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Fourth Genre: Explorations in Nonfiction 6.2 (2004) 25-34

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A Creature of Many Parts

It was six men of Hindustan
To learning much inclined
Who went to see the Elephant
(Though all of them were blind)
That each by observation
Might satisfy the mind.
—John Godfrey Saxe,
The Blind Men and the Elephant: A Hindu Tale

[End Page 25]

In an atlas on my bookshelves at home, there's a satellite photograph that shows a giant bird footprint pressed into the southern part of Africa. Several years ago I lived between two of its toes, in one of the last wild places left on earth, a river delta the size of Massachusetts.

Swollen by April rains, the Okavango floods southward from Angola, crosses into Botswana in May or June, fans out, and eventually evaporates or sinks into the Kalahari sands. It's an ambiguous river, one without a definitive ending or a dependable course, like the ebb and flow of our lives. Half the time the river is there, half the time it is not. Yet its delta, at 5,500 square miles, is the largest in the world, an unparalleled ecosystem with an arkful of animals. If Angola builds a dam on the Okavango, as they threaten to, the huge bird footprint that can be seen from space will dry out and blow away.

I lived in the Okavango Delta with three elephants: Jabu, Morula, Thembi—and their herdmates Doug and Sandi Groves.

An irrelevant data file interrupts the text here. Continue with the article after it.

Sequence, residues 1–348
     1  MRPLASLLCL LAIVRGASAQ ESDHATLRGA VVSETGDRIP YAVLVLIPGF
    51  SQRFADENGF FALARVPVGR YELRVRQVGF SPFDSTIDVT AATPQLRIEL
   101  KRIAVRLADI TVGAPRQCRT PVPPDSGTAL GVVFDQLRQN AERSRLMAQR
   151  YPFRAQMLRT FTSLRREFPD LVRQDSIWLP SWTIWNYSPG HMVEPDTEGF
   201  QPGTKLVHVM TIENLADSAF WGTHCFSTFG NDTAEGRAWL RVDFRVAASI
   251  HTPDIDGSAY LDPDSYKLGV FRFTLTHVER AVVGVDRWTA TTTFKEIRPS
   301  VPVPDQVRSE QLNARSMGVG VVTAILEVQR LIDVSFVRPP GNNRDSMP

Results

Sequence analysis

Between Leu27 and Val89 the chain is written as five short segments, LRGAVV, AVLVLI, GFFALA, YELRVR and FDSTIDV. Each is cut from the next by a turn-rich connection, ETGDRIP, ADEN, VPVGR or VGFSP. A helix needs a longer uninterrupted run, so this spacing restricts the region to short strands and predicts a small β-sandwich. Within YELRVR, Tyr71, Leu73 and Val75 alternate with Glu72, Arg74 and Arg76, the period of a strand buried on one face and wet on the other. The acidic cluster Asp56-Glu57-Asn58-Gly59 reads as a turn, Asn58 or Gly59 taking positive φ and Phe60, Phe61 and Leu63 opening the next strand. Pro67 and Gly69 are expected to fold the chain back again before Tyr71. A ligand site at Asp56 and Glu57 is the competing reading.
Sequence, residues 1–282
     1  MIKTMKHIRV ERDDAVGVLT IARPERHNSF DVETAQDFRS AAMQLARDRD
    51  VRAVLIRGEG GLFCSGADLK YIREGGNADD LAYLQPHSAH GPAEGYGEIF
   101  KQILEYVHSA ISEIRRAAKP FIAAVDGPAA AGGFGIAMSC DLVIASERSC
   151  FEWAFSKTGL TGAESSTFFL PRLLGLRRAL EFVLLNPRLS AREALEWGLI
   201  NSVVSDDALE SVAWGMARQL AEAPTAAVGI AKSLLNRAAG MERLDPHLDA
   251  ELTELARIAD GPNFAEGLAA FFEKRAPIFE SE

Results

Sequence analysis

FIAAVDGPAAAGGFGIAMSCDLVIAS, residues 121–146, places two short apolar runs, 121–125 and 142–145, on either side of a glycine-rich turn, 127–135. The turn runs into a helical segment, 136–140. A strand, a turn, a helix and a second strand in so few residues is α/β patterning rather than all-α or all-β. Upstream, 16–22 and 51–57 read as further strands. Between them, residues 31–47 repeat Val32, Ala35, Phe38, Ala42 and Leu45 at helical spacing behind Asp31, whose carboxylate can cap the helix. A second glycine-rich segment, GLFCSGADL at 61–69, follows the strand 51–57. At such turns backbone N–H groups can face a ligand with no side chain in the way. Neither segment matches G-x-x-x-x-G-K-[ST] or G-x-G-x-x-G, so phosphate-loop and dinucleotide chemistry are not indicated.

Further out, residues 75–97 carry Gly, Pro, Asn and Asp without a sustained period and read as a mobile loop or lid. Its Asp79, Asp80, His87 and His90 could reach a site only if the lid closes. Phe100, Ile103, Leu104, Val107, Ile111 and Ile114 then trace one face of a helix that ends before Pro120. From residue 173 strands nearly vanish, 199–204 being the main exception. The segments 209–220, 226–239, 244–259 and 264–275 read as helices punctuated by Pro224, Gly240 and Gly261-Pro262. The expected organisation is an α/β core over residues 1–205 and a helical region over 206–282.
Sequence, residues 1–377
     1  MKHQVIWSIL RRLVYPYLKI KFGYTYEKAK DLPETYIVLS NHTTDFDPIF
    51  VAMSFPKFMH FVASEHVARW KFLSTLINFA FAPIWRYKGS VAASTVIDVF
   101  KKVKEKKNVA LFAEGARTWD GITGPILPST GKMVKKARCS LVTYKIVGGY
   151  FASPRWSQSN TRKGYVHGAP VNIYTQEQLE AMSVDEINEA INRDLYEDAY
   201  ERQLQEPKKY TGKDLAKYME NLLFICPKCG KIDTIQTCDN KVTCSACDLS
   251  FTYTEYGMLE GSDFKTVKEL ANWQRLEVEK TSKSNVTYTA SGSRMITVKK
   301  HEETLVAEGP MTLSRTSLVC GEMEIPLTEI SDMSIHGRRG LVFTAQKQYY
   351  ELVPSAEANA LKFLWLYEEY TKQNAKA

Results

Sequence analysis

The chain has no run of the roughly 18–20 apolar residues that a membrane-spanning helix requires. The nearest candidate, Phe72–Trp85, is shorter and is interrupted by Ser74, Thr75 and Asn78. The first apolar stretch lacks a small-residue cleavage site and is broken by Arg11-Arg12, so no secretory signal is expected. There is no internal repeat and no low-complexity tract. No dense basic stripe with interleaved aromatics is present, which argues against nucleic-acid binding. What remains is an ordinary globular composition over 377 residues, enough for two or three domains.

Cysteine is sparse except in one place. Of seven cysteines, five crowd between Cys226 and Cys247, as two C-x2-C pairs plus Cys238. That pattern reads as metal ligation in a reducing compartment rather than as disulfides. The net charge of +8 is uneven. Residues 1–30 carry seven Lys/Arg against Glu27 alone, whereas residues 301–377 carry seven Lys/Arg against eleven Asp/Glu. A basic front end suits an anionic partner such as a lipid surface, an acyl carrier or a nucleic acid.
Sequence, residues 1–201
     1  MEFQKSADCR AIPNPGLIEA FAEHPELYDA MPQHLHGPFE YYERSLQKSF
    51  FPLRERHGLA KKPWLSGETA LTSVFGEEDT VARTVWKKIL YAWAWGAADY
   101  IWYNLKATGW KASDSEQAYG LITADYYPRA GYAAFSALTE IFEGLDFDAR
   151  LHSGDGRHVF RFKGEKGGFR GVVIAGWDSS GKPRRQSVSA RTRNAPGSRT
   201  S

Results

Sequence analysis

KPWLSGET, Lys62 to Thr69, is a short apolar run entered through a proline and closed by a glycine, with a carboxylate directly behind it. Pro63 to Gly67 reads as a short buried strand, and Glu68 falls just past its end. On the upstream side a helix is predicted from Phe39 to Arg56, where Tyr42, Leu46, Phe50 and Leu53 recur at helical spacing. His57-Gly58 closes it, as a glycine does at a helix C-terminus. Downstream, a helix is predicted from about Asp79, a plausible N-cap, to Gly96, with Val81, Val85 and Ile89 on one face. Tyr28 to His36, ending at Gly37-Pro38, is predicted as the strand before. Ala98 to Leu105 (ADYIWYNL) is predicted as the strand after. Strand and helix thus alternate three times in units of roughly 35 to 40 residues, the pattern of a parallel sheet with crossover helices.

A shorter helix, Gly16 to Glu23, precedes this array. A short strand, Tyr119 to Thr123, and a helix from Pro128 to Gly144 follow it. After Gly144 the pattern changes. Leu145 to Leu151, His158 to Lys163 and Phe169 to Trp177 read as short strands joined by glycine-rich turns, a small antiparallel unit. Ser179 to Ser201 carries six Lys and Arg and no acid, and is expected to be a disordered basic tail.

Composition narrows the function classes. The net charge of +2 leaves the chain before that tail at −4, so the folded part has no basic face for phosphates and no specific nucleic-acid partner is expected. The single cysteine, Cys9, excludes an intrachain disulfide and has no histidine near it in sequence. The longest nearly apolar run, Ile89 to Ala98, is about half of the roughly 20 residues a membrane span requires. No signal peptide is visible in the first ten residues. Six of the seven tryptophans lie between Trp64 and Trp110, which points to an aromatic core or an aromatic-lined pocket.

Like the six blind men of Hindustan, I struggle to know a creature by its many parts.

* * *
The first approached the Elephant
And happening to fall
Against his broad and sturdy side
At once began to bawl:
"Bless me, it seems the Elephant
Is very like a wall."

[End Page 26]

In the shadow of an elephant, the climate cools. The topography of Jabu's body holds immense landscapes. I glance up past his eyes and get dizzy with vertigo. From certain angles his head is cloud-capped. Entire flocks of birds live closer to the ground than its summit.

Jabu is one hundred times larger than I am. His trunk is larger than I am. A single leg is larger than I am. Upland from Jabu's ear, the ridgeline of his back divides into rills that score both sides of his belly, tributaries of wrinkles. Spiky strands of hair stick out from the magma of his skin, ashen trees on the flanks of a volcano. We take a step together and I realize I am walking with a mountain.

At home, on the volcanic Pacific Rim, mountains walk with tiny steps and an occasional earthshaking leap. Here in the Delta, mountains range freely among the trees. Morula, Thembi, and Jabu crush entire ecosystems with a single step.

When the shadow of a mountain blocks out the sun, when the climate cools, I can be certain that there's an elephant standing behind me.

* * *
The second, feeling of his tusk,
Cried, "Ho! What have we here
So very round and smooth and sharp?
This wonder of an Elephant
Is very like a spear."

Carved ivory thrones are mentioned in the Bible. Tutankhamen's casket were inlaid with forty thousand pieces of ivory. In the Roman era Cicero wrote of rich houses filled with ivory birdcages, brooches, combs, book covers, doors, and floors. Even chariots were made of ivory.

In the 1800s ton after ton of tusks were carried thousands of miles to Zanzibar and Khartoum, transported on the backs of slaves. Elephant ivory was carved into bagpipe joints, [End Page 27] piano keys, billiard balls, fans, buttons, brush handles, letter openers, figurines, rosary beads, bookends, tiny elephant statuettes, pistol grips, bracelets, hairbrushes, fans, chess pieces, crucifixes, necklaces, perfume bottles, furniture, tankards, umbrella stands, champagne buckets, vases, wastepaper baskets, chessboards, dice, cigarette holds, ad nauseam.

Elephants are right- and left-tusked. One is always shorter and more rounded at the end from wear. In Amboseli National Park, in Kenya, a recessive gene is becoming dominant, occurring in 50 years instead of thousands, selected by...


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